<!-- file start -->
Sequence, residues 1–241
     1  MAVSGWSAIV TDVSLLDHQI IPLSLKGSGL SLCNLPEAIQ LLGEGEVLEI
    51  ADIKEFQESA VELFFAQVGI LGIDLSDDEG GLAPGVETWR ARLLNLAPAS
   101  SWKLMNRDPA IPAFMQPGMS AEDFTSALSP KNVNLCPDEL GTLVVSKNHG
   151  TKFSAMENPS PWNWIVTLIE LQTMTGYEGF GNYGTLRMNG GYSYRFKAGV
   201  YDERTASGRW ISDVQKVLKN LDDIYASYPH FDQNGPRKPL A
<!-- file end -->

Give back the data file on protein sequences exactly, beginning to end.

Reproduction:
Sequence, residues 1–241
     1  MAVSGWSAIV TDVSLLDHQI IPLSLKGSGL SLCNLPEAIQ LLGEGEVLEI
    51  ADIKEFQESA VELFFAQVGI LGIDLSDDEG GLAPGVETWR ARLLNLAPAS
   101  SWKLMNRDPA IPAFMQPGMS AEDFTSALSP KNVNLCPDEL GTLVVSKNHG
   151  TKFSAMENPS PWNWIVTLIE LQTMTGYEGF GNYGTLRMNG GYSYRFKAGV
   201  YDERTASGRW ISDVQKVLKN LDDIYASYPH FDQNGPRKPL A